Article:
TITLE: The Tests Are For Me AUTHOR: Eugene Wallingford DATE: August 14, 2010 11:30 AM DESC: ----- BODY: Yesterday, one of my former students tweeted,
"Write a test first." But unit tests are low priority. The business wants high priority items first.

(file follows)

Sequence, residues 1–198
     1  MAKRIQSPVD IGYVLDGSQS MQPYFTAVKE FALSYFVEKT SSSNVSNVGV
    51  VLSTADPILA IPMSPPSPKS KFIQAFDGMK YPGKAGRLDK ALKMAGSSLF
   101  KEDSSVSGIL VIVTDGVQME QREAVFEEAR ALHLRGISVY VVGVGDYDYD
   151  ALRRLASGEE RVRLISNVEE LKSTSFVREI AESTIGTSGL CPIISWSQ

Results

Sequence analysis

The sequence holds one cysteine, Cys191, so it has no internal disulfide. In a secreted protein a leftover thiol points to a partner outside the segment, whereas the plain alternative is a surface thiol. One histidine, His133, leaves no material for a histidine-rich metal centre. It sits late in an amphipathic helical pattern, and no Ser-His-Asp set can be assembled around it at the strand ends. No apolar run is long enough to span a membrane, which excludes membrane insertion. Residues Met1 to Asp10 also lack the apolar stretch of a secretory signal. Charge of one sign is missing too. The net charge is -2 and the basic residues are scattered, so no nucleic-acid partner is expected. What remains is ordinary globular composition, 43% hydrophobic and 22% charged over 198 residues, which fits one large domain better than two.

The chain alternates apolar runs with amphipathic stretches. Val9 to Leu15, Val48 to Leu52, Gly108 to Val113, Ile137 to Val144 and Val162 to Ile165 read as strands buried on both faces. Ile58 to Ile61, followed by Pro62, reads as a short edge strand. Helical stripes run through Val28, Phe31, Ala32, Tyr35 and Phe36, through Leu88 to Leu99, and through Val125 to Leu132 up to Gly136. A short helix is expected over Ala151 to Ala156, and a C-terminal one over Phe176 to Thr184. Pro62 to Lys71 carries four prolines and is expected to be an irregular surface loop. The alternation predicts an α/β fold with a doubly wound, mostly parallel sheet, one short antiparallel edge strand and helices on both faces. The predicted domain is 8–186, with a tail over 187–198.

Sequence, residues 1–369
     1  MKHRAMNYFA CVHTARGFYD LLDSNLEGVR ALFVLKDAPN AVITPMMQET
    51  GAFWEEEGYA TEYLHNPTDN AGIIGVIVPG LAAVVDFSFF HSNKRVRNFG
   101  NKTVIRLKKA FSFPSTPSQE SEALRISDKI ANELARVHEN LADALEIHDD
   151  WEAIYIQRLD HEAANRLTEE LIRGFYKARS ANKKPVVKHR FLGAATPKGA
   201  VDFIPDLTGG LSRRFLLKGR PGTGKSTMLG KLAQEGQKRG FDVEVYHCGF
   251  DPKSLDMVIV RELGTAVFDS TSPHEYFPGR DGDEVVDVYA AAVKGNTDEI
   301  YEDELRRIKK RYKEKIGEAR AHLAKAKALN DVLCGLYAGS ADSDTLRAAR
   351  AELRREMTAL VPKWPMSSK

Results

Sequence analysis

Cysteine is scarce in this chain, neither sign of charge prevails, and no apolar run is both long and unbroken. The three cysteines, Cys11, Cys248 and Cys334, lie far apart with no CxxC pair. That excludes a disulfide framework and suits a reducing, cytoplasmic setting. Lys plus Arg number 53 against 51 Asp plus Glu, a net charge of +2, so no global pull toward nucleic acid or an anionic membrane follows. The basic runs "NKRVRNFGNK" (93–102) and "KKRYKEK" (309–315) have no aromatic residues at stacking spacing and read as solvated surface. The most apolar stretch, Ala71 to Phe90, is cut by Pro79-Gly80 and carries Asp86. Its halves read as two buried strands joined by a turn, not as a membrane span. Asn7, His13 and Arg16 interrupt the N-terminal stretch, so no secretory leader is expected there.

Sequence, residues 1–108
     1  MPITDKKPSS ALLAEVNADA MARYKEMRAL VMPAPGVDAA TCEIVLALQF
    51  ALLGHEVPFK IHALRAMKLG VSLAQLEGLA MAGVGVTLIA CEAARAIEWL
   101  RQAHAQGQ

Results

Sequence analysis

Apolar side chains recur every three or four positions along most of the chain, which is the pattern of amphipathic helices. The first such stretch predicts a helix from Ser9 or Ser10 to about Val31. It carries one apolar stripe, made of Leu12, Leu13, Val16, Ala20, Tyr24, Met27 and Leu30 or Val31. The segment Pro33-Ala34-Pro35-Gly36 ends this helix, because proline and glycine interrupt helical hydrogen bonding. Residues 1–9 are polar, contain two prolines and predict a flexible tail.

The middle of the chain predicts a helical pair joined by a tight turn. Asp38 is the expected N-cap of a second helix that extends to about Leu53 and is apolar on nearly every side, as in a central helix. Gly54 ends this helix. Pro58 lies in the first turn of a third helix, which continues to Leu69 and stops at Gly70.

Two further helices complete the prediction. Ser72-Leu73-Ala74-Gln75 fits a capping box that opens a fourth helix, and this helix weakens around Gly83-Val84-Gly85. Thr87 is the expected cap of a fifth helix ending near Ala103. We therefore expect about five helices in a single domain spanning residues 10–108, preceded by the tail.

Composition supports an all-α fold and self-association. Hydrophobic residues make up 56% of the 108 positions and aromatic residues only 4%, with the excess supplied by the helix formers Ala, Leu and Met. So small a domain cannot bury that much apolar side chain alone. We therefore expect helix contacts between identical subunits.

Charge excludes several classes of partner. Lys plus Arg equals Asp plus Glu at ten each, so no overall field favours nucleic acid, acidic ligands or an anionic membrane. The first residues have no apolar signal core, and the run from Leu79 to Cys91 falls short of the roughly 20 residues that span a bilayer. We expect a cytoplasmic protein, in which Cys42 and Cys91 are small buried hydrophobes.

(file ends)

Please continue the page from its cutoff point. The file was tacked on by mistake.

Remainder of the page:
When I asked, "Is correct code a high priority?", he rephrased my question as, "Is proof of correct code a high priority?" I knew what he meant and so dropped the exchange, sad that companies still settle for code without tests in the name of expediency. I try not to be dogmatic about writing tests with code, let alone driving the design with tests, and know there are times when not writing tests, at least now, feels okay. But then it occurred to me. When I write tests, the tests aren't really for "them", whoever "them" might be: my bosses, my colleagues, or my users. My best test suites are the ones I write for myself. They are a part of how I write code. When I'm not doing TDD and not writings tests in parallel with my code -- when not writing tests feels okay -- I am almost always not writing interesting code. Perhaps I know the domain so well that I can write the code with my eyes closed. Perhaps the domain does not engage me enough that I care to get into the deep flow that comes with testing, growing, and refactoring my program. If the task is dull or routine, then tests seem unnecessary, a drag. (Perhaps, though, I especially need to write tests in these situations, to guard against producing bad code as a result of complacency and boredom!) When I am writing code I enjoy, the tests are for me. Saying to me, "Don't take time to write tests" is like telling me not to use version control. It's like saying to me, "Don't take time to format your code properly" or "Don't bother naming your variables properly". Not writing tests seems foreign. Not writing tests is an impediment to writing code at all. It's really not a matter of "taking time to write a test first". I write tests because that's how I write code. -----